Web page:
David Finck: BASSically Jazz (Burton Avenue)

A review of the bassist's third album as a leader

David Finck, BASSically Jazz
The cover of BASSically Jazz by David Finck

If ever there were a bassist worthy of the “unsung hero” tag, it’s David Finck. His lyrical lines and firm sense of harmonic underpinning have helped add color, weight, shape, and dimension to the work of pianist Steve Kuhn, vocalist Rosemary Clooney, multi-reedist Paquito D’Rivera, trumpeter Claudio Roditi, and saxophonist Phil Woods. And that’s just a small sampling of his jazz associates. Finck has also been plenty busy in other realms during his four decades in the business, logging sessions with everybody from Rod Stewart to Portishead and Jon Secada to Peter, Paul & Mary. Given his sterling musicianship and beyond-expansive résumé, one question instantly arises: Why isn’t Finck better known beyond the world of insiders? Perhaps it has to do with his small output as a leader. Or maybe living below the surface is simply a bassist’s lot in life.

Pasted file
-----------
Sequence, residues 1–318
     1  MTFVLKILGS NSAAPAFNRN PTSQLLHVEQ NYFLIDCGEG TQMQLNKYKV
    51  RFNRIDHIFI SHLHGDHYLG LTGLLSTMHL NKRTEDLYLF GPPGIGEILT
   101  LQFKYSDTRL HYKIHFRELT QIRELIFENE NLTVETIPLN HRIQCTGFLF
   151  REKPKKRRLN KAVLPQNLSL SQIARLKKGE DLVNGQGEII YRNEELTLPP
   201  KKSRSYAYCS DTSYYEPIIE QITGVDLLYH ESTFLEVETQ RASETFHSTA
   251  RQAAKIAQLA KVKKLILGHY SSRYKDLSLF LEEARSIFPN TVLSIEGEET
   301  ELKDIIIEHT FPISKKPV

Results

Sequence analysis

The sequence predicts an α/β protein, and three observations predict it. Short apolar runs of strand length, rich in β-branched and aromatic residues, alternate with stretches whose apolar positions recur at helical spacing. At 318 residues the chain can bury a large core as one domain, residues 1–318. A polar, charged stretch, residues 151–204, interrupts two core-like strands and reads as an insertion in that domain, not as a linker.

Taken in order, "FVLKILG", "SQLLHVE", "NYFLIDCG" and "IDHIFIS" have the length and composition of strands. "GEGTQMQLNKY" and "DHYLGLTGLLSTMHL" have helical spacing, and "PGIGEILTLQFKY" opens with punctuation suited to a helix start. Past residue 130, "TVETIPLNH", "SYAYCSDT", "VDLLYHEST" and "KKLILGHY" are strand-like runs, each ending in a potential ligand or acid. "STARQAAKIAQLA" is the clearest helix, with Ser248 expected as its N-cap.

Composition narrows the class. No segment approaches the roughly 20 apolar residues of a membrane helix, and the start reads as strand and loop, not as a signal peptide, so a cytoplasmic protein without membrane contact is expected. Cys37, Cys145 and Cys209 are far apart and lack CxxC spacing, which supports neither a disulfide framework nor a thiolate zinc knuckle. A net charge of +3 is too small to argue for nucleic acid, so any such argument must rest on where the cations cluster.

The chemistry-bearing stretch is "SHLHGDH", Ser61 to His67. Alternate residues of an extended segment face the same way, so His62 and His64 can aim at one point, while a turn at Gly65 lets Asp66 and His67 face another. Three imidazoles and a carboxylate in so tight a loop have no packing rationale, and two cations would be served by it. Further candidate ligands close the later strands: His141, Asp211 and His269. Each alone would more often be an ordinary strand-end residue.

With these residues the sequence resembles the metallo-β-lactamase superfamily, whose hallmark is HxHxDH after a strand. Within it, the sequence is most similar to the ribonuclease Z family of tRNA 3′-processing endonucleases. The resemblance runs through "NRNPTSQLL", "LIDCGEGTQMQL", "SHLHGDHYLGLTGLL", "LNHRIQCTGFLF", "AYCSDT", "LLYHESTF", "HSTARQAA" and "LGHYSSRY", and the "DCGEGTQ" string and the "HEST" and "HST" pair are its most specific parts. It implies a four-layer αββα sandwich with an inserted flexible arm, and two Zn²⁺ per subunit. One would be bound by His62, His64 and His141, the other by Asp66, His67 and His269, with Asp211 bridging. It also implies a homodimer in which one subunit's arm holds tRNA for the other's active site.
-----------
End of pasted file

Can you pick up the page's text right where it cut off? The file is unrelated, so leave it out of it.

In any case, BASSically Jazz—only Finck’s third leader date—boasts numerous riches.  The primo personnel list, which includes vibraphonist Joe Locke, pianist Jim Ridl, and drummer Cliff Almond, among others, lives up to expectations; the repertoire and arrangements prove classy and compelling; a pair of guest vocalists—Linda Eder and Alexis Cole—lend variety and added depth to the program; and the man in charge stylishly balances background and foreground roles with supreme skill. Whether holding things down during “Old Devil Moon,” melding with Locke on “O Barquinho,” adding rich arco work to “The Summer Knows” and “When I Look in Your Eyes,” or setting the scene for “Alfie,” Finck’s instrument remains a model of melodic purity and rhythmic perfection. This is some truly gratifying music from one of the bass world’s best.

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